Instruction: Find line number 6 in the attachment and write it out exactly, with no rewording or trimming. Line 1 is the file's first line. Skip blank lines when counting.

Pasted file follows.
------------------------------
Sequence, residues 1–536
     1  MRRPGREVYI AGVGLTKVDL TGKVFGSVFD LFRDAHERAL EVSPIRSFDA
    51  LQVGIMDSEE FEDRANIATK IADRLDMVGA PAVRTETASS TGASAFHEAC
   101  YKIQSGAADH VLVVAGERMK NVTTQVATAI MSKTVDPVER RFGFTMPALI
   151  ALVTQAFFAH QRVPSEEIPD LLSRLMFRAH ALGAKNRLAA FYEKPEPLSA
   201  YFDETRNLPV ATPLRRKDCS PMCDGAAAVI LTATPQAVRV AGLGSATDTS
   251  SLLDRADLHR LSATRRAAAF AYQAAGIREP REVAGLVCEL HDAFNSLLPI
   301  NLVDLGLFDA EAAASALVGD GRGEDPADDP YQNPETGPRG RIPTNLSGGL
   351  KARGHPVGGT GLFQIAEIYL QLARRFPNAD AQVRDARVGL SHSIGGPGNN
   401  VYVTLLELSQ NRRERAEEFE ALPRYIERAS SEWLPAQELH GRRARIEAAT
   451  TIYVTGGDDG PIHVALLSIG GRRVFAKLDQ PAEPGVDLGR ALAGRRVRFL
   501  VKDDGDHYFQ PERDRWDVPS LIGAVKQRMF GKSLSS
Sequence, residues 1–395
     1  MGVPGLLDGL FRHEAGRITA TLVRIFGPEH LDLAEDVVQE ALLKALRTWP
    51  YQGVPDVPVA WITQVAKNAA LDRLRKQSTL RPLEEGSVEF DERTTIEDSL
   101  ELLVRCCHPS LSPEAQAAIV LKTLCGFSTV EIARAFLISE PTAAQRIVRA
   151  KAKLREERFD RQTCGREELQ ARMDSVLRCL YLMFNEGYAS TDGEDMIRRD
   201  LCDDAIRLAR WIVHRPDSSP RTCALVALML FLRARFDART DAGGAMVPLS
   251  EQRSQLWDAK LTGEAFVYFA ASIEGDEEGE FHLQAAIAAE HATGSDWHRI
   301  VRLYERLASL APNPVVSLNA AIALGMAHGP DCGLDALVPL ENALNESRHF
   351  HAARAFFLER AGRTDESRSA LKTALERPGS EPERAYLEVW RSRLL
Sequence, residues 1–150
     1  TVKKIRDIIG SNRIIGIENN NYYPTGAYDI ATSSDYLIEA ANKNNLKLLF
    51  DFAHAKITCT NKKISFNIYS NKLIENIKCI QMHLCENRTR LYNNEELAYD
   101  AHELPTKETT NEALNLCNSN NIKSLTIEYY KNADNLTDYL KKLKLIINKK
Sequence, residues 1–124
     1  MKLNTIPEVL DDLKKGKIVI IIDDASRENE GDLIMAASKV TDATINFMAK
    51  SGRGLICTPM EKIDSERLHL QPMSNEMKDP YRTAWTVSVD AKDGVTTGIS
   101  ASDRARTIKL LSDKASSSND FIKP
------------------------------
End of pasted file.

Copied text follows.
   201  YFDETRNLPV ATPLRRKDCS PMCDGAAAVI LTATPQAVRV AGLGSATDTS